Where is the snow? January's weather has been more wet and windy than snowy and cold so any snow didn't seem to stay for long. While many would not wish for snowy conditions, I urgently need to replenish my Christmas card picture stock, hence a frustration at the lack of 'white stuff.' Global warming and climate change is headline news just now and maybe the notion of a "white Christmas" is already a thing of the past. Perhaps I should be looking to New Zealand and Australia to understand what the new-style of Christmas card in the UK might start to look like?
January was a busy month in respect of non-photographic matters but I managed a couple of sorties with the camera. Heavy rain and snow melt resulted in flooding over Insh marshes in the Cairngorms as the river Spey burst its banks. However, the marshes are there for that purpose and no homes were affected but it was interesting to see Ruthven Barracks - normally perched atop a small hillock - suddenly develop a moat! The flooding made me wonder about the cost to wildlife; would rodents, deer, rabbits and reptiles be displaced, marooned or drowned by rising waters? Would the waters submerge valuable winter feeding habitat?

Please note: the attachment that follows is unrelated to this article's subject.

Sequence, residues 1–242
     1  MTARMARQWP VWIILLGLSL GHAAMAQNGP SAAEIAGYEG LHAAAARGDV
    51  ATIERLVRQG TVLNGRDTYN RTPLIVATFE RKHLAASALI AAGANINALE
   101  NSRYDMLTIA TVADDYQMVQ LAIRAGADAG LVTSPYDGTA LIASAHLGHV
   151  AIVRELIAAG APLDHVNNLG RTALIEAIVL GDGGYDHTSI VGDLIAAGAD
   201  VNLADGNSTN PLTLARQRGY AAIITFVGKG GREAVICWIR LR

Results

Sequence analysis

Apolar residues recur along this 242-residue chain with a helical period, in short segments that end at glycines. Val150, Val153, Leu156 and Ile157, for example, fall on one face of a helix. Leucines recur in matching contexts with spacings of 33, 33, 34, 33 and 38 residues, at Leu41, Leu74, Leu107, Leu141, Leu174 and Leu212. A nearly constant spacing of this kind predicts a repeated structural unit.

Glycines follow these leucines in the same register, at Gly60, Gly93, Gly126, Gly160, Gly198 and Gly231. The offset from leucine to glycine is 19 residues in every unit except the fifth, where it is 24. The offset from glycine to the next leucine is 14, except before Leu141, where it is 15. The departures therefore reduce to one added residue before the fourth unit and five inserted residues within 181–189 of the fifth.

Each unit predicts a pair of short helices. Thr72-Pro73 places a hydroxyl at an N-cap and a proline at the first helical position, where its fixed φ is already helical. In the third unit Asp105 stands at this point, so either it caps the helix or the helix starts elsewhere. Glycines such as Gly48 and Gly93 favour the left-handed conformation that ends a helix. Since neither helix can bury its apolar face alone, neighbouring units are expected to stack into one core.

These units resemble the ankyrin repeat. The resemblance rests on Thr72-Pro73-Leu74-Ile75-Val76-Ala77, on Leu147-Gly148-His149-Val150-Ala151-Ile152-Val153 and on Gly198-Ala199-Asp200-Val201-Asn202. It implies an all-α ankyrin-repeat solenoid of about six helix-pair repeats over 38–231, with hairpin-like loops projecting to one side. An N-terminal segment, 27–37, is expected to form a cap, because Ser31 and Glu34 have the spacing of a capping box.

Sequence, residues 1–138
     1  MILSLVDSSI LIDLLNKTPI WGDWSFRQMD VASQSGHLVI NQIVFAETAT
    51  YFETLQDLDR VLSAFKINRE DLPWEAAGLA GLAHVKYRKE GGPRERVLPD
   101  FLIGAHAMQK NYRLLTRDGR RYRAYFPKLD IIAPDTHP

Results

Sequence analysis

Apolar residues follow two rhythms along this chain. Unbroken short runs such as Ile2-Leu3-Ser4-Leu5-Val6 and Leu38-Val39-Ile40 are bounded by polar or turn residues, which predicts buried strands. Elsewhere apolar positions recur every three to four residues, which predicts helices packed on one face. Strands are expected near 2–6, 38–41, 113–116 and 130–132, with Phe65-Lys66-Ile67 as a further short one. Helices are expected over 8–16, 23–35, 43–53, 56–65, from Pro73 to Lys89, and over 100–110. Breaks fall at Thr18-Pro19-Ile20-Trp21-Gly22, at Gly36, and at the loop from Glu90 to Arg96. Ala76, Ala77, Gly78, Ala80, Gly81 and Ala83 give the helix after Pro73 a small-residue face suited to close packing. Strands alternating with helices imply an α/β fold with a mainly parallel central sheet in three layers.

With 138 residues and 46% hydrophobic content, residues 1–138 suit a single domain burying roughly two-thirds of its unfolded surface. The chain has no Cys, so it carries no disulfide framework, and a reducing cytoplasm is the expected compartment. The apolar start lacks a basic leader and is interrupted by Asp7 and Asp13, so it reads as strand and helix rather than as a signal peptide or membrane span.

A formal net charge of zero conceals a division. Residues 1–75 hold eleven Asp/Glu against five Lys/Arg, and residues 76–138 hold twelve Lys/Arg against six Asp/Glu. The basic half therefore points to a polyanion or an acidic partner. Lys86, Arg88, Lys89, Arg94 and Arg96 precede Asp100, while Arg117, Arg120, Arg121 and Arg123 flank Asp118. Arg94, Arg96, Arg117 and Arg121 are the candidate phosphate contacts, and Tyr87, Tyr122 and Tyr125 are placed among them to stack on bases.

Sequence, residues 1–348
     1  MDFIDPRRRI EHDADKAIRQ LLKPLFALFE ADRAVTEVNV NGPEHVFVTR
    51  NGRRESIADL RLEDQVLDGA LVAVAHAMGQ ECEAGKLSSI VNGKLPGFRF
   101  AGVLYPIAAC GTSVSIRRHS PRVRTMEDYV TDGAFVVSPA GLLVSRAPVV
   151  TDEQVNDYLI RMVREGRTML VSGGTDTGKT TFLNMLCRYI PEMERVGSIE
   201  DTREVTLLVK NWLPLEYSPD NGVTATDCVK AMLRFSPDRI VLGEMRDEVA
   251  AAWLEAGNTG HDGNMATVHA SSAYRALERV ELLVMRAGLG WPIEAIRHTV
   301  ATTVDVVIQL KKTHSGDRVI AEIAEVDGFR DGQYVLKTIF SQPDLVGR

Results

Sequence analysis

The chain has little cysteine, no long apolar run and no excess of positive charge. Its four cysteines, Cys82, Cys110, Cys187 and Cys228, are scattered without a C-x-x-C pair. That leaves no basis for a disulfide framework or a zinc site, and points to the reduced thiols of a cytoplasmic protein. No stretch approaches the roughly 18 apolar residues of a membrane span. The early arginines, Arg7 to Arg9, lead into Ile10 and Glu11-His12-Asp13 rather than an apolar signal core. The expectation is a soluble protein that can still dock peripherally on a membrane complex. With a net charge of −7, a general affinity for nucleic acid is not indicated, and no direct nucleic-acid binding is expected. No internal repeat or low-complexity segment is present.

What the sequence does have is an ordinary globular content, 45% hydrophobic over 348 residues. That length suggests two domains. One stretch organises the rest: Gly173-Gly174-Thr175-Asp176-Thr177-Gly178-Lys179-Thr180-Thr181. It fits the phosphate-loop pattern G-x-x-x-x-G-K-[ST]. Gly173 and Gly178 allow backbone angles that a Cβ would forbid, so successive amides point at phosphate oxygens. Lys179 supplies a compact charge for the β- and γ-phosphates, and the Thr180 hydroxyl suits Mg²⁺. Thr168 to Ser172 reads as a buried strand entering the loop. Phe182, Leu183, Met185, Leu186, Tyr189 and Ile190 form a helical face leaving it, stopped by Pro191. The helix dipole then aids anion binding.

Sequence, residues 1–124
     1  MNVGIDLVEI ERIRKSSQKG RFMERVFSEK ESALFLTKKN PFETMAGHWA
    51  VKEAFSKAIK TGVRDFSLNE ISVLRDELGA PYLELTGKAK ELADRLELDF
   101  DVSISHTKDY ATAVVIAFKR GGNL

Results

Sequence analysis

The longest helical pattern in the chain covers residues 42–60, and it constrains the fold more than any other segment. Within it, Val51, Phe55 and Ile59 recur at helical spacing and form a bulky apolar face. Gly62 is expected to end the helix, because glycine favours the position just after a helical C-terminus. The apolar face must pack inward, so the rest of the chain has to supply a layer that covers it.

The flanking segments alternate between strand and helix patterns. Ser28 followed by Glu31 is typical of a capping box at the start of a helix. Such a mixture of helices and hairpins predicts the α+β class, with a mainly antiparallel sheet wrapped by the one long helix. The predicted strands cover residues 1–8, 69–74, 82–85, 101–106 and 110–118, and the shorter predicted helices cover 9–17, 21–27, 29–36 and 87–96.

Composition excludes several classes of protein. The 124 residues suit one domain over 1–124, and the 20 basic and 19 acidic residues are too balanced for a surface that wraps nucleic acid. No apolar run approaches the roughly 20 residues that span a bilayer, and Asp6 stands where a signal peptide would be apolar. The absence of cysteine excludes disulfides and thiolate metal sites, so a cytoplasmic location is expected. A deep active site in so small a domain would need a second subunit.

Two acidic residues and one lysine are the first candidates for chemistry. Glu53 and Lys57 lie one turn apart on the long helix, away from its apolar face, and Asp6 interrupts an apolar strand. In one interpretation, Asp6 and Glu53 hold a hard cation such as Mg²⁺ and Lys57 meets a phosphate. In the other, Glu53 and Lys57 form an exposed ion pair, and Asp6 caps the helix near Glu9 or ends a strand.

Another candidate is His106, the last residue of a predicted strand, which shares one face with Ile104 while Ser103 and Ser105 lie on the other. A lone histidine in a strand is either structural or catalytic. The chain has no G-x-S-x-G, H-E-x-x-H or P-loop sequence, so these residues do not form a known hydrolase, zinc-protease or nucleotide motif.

I have been grabbing short excursions to the Water of Leith to continue photographing abstract images of the moving river. I never tire of this style of picture and there are always bonuses to be had like the sight of a kingfisher darting along the river course and gooseanders floating past. I still haven't seen any otters but they are certainly about!
In the garden, snowdrops are now out, daffodil buds are pushing through and primroses are in bloom. The signs of spring are emerging and considerations turn to what botanical photography I might wish to undertake this year and how to portray them in a creative fashion.
My wife and I enjoy visiting Scotland's distilleries and we are slowly beginning to tick a few off the list. We visited Glengoyne Distillery in the Campsie Hills last month and saw a little of the surrounding countryside. It is a lovely area and not one I have ever spent any time in - but shall be doing so now! We were generously looked after at one of Scotland's most scenic distilleries complete with its own waterfall on site (see image) which was once used to make the whisky. Distilleries can cover enormous, sprawling sites yet Glengoyne is a small, compact business which gives a real sense of its historical roots. The whisky was simply excellent, we purchased handsomely in the shop and I would definitely recommend a visit. It did make me wonder whether there is some mileage in whisky photography; let me mull that one over a wee dram...